Williams developed a physical model that describes a memristor: two variable resistors in series, one representing the resistance of the doped material (comprising the memristor) and the other the resistance of the undoped material (comprising the memristor). "A memristor causes the relative sizes of the two resistances to change in such a way that the drift velocity of oxygen vacancies equals the mobility of the oxygen vacancies times the electric field in the device — an equation derived by Steve Kang," explained Williams. Solving the device equations finds that memristance is proportional to 1/D2, where D is the width of the device. "So at the nanometer scale of a device, memristance is one million times more important than at the micron scale, and at the millimeter scale, it’s completely negligible," Williams noted. This explains why it’s only recently, as the industry makes much smaller devices, that memristance is being observed. "Drift velocity and electric field in devices are getting so large that the effect is not only noticeable, but in some cases prominent […] people are seeing hysteresis in their circuits that’s unexpected," he said. It’s not stray capacitance or inductance, but rather memristance. "Very small circuits in which potential is turned on and they [researchers] are starting to move atoms around in devices as well as electrons and holes."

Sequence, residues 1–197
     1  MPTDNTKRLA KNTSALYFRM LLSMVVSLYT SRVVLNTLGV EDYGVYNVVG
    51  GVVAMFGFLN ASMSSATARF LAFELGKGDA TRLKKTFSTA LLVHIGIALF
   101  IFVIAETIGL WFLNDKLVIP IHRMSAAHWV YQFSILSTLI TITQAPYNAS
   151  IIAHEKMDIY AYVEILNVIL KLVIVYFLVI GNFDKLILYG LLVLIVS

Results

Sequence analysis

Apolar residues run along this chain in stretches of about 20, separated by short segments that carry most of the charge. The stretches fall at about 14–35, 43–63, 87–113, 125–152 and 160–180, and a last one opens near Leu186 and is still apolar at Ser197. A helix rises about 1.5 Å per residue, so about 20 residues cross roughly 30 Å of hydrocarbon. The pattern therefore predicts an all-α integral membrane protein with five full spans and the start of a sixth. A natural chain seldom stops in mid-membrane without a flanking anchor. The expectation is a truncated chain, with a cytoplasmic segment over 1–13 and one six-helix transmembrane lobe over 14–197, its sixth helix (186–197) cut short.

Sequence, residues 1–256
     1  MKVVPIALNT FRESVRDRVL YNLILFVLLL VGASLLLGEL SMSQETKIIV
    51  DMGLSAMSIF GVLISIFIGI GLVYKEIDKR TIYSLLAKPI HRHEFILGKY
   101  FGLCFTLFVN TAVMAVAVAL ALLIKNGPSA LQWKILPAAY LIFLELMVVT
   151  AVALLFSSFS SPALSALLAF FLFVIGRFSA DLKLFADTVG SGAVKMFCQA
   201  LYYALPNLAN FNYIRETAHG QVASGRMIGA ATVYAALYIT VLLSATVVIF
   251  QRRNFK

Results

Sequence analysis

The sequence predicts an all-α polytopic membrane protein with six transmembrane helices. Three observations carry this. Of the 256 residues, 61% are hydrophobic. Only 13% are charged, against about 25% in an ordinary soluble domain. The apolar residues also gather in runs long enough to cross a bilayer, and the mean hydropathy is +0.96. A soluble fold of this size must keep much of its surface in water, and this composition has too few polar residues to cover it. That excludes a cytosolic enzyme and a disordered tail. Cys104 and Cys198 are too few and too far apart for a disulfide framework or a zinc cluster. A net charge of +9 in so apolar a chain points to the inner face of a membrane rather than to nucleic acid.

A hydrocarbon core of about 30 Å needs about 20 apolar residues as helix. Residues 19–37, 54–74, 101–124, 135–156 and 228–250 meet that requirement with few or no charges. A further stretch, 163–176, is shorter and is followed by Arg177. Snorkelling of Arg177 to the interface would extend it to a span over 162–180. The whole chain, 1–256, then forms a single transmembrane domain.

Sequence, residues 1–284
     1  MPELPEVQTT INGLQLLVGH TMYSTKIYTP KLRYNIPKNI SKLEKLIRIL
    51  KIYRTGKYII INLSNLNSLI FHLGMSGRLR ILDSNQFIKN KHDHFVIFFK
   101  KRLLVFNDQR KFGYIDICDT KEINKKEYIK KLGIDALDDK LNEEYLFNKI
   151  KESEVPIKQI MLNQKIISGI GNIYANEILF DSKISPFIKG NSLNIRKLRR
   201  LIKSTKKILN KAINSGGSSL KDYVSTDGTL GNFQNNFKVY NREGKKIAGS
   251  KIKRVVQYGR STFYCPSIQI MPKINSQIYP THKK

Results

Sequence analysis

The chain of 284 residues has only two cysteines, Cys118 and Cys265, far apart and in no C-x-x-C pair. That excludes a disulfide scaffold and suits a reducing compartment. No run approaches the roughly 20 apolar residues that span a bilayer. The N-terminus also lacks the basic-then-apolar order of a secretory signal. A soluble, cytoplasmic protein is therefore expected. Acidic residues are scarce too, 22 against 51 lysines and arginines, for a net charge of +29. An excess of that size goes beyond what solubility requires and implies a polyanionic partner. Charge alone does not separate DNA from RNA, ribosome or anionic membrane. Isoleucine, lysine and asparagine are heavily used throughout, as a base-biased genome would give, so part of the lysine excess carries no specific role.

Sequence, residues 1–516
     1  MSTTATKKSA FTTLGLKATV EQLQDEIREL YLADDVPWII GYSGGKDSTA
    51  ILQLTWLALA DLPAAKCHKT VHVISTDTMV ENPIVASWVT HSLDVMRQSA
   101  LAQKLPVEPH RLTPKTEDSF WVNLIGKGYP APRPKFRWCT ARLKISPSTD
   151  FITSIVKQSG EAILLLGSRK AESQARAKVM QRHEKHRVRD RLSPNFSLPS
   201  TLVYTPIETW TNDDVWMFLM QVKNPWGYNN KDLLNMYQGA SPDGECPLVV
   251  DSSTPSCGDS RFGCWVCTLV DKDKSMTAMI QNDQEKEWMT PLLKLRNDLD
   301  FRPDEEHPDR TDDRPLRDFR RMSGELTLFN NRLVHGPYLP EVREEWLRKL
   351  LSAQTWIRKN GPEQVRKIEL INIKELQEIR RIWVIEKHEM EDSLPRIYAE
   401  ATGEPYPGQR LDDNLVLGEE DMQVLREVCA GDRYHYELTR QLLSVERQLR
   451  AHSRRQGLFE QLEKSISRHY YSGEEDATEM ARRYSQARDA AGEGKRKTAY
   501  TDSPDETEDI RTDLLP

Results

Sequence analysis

Because memristors are dynamic devices (dependent on their past history), Williams said that they can’t be measured using a curve tracer, though many have tried to do it. A curve tracer’s software will perform an integration to get some level of signal-to-noise — but as it’s doing so, the resistance of the device is changing, "so a memristor will drive the curve tracer crazy where I-V characteristics appear to oscillate," he observed. It’s gotten to the point, he lightheartedly observed, where HP researchers can look at a paper and tell which model/brand of curve tracer was used to collect data. "The older the curve tracer, the better the results," he said, "because it has less software."

Instead of using a curve tracer, a memristor’s state needs to be measured using a pulse-probe type of experiment, explained Williams, whereby a very small triangular saw-tooth wave (both negative and positive) and then a pulse are applied to the device. The pulse widths are increased incrementally exponentially (1μsec to ~10sec); after each pulse, the state of the device is determined. Because memristors are tunneling devices, the state at any given point in time is determined by the width of the tunneling barrier. By fitting hundreds of I-V characteristic curves and comparing them at various points in time, the width of the tunneling barrier — at any point in time — can be determined. Plotting over a wide variety of times and applied bias voltages obtains a set of curves that shows how the device turns off and how it turns back on, noted Williams. "The result is a state equation to tell you how the device evolves in time with voltage."